In the opinion of management, the unaudited consolidated financial statements reflect all adjustments, which are normal and recurring in nature, necessary for fair financial statement presentation. All intercompany transactions and balances have been eliminated in consolidation. Results of operations for the three and six months ended June 30, 2021 and 2020 are not necessarily indicative of the results to be expected for the full annual periods.
b)    Use of Estimates
The preparation of the consolidated financial statements in conformity with U.S. GAAP requires management to make estimates and assumptions that affect the reported amounts of assets and liabilities and disclosure of contingent assets and liabilities at the date of the consolidated financial statements and the reported amounts of revenues and expenses during the reporting periods. Actual results could differ from those estimates, and such differences could be material to the Company’s consolidated financial position and results of operations, requiring adjustment to these balances in future periods. Significant items subject to such estimates and assumptions include, but are not limited to, the determination of the useful lives of long-lived assets, allowances for doubtful accounts, fair value of goodwill and long-lived assets, fair value of incentive awards, establishing standalone selling price, valuation of deferred tax assets, income tax uncertainties and other contingencies, including the Company’s ability to exercise its right to repurchase incentive options from terminated employees.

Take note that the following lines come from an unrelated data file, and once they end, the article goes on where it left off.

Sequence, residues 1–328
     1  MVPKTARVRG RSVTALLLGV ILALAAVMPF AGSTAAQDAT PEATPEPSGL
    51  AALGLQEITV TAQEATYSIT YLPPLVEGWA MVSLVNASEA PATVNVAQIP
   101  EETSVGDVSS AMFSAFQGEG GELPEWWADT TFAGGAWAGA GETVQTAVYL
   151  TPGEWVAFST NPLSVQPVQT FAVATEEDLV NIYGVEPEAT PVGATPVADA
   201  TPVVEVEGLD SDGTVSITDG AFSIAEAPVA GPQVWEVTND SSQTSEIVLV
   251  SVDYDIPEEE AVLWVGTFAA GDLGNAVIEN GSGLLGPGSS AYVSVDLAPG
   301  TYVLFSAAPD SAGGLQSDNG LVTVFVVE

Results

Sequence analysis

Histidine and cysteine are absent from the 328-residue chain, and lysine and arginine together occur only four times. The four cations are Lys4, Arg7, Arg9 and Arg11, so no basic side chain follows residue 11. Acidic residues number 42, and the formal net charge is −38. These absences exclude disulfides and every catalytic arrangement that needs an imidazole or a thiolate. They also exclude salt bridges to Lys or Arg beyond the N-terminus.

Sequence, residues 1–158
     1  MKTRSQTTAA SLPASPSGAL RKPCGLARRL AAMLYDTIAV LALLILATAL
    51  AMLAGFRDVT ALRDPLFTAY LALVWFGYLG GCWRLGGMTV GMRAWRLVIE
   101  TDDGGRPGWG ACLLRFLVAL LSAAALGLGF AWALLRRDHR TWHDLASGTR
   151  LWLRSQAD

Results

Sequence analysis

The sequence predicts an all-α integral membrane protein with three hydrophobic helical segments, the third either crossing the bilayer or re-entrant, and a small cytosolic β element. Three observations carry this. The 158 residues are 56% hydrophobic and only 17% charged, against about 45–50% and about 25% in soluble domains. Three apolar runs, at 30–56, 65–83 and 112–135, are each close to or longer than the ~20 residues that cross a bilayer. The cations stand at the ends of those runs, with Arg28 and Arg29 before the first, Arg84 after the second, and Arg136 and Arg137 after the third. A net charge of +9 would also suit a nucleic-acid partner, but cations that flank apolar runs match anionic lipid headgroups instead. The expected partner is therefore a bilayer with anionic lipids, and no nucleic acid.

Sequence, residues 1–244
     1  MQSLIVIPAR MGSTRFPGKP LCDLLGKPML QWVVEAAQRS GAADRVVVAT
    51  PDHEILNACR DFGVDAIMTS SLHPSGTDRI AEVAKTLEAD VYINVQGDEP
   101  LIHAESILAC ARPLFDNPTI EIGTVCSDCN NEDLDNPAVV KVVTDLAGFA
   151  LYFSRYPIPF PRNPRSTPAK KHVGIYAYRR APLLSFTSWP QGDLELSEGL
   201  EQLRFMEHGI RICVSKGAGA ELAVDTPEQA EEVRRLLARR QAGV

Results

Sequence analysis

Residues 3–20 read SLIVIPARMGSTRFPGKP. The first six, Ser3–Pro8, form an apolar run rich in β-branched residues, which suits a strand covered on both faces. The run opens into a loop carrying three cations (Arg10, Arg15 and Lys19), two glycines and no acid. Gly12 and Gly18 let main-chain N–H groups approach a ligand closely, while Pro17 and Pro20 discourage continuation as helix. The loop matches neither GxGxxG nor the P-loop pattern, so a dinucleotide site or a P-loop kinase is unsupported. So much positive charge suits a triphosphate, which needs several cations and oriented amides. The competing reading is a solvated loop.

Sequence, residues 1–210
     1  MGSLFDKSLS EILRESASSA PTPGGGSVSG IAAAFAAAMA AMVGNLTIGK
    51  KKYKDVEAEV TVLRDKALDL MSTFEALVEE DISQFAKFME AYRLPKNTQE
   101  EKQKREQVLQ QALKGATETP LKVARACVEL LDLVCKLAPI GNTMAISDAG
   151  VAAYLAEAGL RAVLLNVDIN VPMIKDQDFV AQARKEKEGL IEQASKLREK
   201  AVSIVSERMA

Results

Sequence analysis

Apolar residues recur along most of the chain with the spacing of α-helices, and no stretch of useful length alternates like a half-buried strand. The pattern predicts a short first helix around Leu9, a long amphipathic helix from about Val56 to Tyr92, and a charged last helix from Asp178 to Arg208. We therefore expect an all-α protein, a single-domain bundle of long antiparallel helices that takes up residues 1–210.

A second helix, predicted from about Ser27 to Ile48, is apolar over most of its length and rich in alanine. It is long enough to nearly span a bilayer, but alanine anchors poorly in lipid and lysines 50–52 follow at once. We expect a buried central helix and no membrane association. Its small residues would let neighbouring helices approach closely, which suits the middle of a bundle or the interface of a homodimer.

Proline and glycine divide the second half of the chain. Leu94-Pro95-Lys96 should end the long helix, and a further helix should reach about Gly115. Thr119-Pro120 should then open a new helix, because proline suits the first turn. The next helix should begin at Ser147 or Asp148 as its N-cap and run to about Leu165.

c)    Segment Information
The Company has determined that its Chief Executive Officer is its chief operating decision maker. The Company’s Chief Executive Officer reviews financial information presented on a consolidated basis for purposes of assessing performance and making decisions on how to allocate resources. Accordingly, the Company has determined that it operates in a single reportable segment.
d)    Foreign Currency Translation
The financial position and results of the Company’s international subsidiaries are measured using the local currency as the functional currency. Revenues and expenses have been translated into U.S. dollars at average exchange rates prevailing during the periods. Assets and liabilities have been translated at the rates of exchange on the balance sheet date. The resulting translation gain and loss adjustments are recorded directly as a separate component of stockholders’ equity (accumulated other comprehensive loss), unless there is a sale or complete liquidation of the underlying foreign investments, or the adjustment is inconsequential.